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OpEdNews Op Eds    H1'ed 7/2/13

Reading Hillary Clinton on Internet Freedom and Edward Snowden

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In the wake of NSA whistleblower Edward Snowden's revelations, techPresident's editorial director Micah Sifry wonders, what, if anything, is left of Hillary Clinton's "Internet Freedom" agenda. The answer is not much.

A week ago, during a speech in Los Angeles, former Secretary of State Hillary Clinton condemned NSA whistleblower Edward Snowden's "outrageous behavior" and criticized China for allowing him to leave Hong Kong.

One wonders how she would square her remarks with her eloquent advocacy in the past of "internet freedom" and the "freedom to connect."

In January 2010, in her first major speech on these topics, she said, "new technologies do not take sides in the struggle for freedom and progress, but the United States does. We stand for a single internet where all of humanity has equal access to knowledge and ideas."

In that speech, she evoked Franklin Roosevelt's Four Freedoms: "freedom of expression, freedom of worship, freedom from want, and freedom from fear" and declared that "we find an urgent need to protect these freedoms on the digital frontiers of the 21st century." She also decried countries that prevent their citizens from accessing parts of the web, censored search results or blog posts, or violated the privacy of their citizens by snooping on their online conversations, stating that these kinds of actions contravened the Universal Declaration on Human Rights.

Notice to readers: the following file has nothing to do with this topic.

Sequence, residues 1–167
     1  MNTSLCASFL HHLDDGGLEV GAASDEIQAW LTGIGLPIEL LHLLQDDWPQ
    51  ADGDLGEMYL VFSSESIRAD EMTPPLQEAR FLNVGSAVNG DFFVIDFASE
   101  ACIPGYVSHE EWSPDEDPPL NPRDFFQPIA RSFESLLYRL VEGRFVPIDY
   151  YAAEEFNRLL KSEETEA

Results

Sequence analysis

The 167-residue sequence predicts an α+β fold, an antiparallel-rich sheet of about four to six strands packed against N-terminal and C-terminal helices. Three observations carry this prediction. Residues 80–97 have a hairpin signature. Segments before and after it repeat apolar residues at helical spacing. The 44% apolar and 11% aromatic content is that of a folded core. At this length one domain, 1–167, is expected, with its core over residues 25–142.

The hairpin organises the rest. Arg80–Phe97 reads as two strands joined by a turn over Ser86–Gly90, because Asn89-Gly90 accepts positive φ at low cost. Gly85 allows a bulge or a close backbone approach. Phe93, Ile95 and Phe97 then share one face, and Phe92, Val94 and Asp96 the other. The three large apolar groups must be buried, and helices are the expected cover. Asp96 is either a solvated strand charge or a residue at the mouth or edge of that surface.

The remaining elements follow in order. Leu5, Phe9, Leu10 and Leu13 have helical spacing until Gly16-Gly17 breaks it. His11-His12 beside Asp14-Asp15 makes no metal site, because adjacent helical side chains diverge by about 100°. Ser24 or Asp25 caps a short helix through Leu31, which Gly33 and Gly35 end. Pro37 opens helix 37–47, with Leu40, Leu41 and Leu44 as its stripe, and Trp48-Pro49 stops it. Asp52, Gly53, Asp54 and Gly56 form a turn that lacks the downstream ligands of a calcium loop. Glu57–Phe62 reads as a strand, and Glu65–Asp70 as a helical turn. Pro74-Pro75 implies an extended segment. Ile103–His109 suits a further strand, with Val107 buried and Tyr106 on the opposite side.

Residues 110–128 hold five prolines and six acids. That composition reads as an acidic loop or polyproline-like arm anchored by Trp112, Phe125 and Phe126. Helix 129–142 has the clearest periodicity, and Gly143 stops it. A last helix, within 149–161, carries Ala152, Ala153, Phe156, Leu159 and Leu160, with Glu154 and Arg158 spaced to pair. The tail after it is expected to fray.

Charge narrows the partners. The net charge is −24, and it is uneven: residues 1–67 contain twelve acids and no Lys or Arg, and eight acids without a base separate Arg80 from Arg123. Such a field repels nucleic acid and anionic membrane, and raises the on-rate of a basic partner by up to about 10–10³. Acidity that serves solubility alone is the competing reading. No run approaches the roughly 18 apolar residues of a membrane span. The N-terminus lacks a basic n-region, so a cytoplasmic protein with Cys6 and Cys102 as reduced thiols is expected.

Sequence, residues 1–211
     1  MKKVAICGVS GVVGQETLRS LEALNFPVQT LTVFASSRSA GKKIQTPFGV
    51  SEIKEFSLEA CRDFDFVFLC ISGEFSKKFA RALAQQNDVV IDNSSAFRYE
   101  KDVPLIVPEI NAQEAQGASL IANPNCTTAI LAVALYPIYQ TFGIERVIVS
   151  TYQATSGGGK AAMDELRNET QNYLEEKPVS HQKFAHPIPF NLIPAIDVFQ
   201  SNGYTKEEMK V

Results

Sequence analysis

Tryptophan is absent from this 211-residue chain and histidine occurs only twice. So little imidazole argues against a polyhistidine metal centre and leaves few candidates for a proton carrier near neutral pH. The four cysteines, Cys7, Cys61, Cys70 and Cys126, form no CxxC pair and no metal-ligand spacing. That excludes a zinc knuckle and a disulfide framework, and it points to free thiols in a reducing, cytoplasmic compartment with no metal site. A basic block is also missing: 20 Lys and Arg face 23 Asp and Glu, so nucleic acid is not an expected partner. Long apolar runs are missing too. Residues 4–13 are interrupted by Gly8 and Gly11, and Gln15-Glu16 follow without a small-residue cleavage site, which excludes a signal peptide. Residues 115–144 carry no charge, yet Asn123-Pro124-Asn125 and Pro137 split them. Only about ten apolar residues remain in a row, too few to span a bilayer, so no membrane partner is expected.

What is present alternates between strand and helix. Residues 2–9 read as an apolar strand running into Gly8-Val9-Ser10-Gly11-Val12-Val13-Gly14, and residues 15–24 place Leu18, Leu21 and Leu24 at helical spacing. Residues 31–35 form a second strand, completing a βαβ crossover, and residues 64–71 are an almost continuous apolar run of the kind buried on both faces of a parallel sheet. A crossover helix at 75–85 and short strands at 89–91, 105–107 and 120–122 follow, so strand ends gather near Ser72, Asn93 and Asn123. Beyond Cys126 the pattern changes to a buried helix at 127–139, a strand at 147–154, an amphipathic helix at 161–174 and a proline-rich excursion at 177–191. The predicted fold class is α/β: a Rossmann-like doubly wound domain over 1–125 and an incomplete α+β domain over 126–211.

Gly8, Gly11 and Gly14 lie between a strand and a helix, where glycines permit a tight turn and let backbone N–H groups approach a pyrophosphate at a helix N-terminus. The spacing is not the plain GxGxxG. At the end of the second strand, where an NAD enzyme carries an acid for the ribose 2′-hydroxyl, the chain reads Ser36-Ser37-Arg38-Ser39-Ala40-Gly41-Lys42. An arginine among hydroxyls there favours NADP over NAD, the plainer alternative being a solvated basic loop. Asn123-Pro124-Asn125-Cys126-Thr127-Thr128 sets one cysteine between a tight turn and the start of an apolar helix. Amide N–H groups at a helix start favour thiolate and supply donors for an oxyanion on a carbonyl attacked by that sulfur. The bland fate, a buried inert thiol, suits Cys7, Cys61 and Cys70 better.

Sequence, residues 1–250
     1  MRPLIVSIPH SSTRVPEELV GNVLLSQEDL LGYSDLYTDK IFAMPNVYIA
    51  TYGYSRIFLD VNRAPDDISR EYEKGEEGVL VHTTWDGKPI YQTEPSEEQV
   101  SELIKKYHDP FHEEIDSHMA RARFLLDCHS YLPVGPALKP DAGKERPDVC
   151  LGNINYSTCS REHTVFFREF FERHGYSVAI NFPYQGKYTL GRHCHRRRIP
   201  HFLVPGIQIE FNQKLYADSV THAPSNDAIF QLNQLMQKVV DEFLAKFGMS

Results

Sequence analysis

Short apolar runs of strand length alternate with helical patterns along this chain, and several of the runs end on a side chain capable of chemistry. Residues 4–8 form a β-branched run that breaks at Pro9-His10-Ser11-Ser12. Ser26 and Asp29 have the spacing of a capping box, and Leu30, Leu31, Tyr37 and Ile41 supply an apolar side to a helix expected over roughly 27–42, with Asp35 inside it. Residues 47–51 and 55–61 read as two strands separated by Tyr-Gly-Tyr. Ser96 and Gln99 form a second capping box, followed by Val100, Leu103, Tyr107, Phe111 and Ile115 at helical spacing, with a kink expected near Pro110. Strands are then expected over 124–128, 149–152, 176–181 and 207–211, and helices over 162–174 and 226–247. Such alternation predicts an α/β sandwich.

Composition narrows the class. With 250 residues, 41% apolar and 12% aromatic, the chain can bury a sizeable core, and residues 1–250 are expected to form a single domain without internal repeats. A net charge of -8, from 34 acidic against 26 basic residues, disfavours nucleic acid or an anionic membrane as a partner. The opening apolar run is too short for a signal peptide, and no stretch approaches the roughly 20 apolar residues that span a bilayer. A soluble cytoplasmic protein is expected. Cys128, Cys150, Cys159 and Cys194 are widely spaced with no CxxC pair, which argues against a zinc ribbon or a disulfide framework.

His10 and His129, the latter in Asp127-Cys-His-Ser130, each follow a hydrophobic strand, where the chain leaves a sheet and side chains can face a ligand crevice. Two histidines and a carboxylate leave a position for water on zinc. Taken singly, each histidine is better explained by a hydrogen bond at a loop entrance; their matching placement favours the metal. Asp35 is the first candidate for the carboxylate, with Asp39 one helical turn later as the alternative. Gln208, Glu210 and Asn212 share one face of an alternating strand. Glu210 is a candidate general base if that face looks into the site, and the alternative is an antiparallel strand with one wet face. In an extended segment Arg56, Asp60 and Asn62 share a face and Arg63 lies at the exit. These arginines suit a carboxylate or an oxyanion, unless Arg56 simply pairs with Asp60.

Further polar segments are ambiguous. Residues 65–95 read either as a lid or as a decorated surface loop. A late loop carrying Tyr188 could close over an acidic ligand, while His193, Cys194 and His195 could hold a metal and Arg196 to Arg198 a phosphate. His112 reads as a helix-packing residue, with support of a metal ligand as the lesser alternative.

A year later, Clinton gave another major speech on this topic, renewing and expanding her call: "Together, the freedoms of expression, assembly, and association online comprise what I've called the freedom to connect. The United States supports this freedom for people everywhere, and we have called on other nations to do the same."

In that speech, she wrestled with the delicate balance between liberty and security, arguing that they were not in opposition but in fact reinforced each other. The United States, Clinton said, would take care to combat anyone using the Internet for evil while ensuring that it did not at the same time "constrict[] the openness that is the Internet's greatest attribute."

Other less enlightened countries have taken a different approach, she noted:

Security is often invoked as a justification for harsh crackdowns on freedom. Now, this tactic is not new to the digital age, but it has new resonance as the internet has given governments new capacities for tracking and punishing human rights advocates and political dissidents. Governments that arrest bloggers, pry into the peaceful activities of their citizens, and limit their access to the internet may claim to be seeking security. In fact, they may even mean it as they define it. But they are taking the wrong path.

And she went further, insisting that the freedom to connect required security for online communication. She said: